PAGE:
Clinical Evaluation of Defibrillation Testing in an Unselected Population of 2,120 Consecutive Patients Undergoing First Implantable Cardioverter-Defibrillator Implant
Does defibrillation testing (DT) at the time of implantation improve outcomes in patients with an implantable cardioverter-defibrillator (ICD)?
In this prospective, multicenter, observational study, 2,120 patients (mean age 67 years) underwent ICD implantation with (n = 836) or without (n = 1,284) DT, based on operator preference. Follow-up was performed every 6 months for 2 years. The primary endpoint was a composite of complications at the time of ICD implantation and sudden death or ineffective appropriate ICD shocks.
A defibrillation safety margin ≥10 J was present in 93% of 695 patients in the DT group, for which complete DT data were available. There was not a significant difference in the annual incidence of the primary endpoint between the DT group (1.15%) and the non-DT group (0.68%). No primary endpoint events occurred in patients with a safety margin <10 J. Appropriate shocks that were ineffective occurred in 13 patients (0.6%) overall, with no significant difference between the two groups.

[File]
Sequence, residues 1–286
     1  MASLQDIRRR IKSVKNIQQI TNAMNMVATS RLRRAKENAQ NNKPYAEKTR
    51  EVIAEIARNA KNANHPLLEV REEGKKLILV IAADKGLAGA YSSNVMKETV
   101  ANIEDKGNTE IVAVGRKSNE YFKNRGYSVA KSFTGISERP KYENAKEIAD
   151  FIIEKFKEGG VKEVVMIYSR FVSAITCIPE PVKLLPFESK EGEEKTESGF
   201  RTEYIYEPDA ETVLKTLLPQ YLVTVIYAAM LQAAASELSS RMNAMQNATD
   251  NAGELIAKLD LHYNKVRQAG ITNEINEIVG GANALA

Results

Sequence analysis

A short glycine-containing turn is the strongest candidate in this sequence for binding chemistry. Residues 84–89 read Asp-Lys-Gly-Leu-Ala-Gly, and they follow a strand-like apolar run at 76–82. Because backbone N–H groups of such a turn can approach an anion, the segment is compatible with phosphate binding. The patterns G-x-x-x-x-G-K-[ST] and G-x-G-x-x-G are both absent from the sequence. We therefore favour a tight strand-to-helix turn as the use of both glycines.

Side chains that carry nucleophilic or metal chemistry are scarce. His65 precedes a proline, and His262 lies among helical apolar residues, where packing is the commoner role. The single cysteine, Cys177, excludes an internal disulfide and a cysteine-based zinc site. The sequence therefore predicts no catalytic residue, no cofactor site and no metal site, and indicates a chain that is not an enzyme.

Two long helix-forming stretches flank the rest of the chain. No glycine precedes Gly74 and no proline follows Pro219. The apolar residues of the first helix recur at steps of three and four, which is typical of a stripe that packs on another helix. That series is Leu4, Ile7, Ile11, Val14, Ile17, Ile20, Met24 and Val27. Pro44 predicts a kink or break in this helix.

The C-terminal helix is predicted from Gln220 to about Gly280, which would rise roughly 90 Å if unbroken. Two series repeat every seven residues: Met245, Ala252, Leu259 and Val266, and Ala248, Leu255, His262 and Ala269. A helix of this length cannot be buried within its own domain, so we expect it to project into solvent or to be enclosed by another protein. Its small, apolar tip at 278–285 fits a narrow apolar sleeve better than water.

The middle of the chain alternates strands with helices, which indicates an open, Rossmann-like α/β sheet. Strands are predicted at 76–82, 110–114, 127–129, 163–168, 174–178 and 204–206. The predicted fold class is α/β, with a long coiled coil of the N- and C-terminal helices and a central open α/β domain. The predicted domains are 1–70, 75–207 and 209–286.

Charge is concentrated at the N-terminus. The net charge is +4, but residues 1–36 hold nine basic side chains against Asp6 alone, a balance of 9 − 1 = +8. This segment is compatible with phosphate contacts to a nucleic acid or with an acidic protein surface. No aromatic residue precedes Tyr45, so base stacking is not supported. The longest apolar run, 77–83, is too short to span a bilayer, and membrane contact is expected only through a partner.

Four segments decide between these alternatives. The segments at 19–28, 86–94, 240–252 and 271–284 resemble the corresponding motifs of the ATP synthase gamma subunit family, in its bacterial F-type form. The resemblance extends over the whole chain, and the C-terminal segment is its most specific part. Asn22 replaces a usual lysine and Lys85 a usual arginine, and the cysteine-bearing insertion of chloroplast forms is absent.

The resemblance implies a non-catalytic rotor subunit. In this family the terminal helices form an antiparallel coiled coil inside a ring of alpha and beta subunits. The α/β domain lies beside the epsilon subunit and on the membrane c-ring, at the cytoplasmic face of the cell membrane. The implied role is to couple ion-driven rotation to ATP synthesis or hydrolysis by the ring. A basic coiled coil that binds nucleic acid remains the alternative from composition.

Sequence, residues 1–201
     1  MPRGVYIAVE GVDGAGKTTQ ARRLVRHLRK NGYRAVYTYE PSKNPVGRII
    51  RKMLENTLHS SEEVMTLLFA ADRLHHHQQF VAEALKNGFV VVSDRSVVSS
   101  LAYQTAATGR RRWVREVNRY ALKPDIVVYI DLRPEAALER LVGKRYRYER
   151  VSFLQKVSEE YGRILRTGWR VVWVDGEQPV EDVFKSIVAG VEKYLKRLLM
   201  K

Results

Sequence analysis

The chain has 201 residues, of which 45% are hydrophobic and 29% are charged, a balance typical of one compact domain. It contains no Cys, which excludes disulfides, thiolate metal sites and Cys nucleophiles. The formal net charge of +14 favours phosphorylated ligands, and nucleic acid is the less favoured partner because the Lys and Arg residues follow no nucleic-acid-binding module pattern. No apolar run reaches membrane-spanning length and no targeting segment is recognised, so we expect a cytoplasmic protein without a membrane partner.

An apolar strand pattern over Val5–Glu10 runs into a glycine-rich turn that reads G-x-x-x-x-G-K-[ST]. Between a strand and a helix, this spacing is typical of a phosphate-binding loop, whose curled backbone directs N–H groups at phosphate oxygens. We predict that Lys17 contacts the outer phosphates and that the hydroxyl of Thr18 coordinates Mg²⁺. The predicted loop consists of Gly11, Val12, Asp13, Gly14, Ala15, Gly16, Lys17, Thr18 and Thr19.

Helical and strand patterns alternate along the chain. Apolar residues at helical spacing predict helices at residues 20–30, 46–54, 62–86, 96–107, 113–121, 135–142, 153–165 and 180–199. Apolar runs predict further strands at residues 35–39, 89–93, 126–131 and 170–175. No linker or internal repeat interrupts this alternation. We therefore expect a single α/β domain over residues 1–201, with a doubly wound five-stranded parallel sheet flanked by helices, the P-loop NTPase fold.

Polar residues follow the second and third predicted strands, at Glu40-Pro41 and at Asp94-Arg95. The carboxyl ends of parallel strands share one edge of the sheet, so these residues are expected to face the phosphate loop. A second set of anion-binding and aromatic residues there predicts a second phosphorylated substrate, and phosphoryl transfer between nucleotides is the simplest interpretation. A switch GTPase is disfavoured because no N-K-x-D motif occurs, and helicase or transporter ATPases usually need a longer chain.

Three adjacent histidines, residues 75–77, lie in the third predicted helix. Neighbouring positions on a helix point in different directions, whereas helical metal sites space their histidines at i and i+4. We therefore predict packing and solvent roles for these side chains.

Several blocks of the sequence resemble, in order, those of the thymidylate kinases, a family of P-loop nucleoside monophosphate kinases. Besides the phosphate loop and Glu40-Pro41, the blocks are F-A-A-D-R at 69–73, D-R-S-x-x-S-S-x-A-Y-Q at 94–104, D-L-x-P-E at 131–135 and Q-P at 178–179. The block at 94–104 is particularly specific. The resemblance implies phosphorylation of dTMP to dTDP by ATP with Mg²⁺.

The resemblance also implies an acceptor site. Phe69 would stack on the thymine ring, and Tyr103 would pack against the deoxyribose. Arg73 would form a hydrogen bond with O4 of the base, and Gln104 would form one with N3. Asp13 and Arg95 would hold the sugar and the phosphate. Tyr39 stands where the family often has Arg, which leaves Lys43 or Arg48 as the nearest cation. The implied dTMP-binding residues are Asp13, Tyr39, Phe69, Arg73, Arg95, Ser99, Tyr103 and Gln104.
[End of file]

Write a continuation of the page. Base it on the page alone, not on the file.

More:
The investigators concluded that DT at the time of ICD implantation does not affect outcomes.
The main purpose of DT is to minimize the risk of ineffective ICD shocks. Yet in this study, ineffective appropriate shocks were not any less likely to occur among patients who underwent DT than among those who did not. These results suggest that DT is not necessary at the time of ICD implantation. However, the study was not randomized and a definitive assessment of DT awaits completion of a large, randomized, multicenter trial that is currently in progress (SIMPLE).
Keywords: Prostheses and Implants, Defibrillators, Follow-Up Studies, Death, Shock, Ventricular Fibrillation, Electric Countershock, Disease Management, Tachycardia
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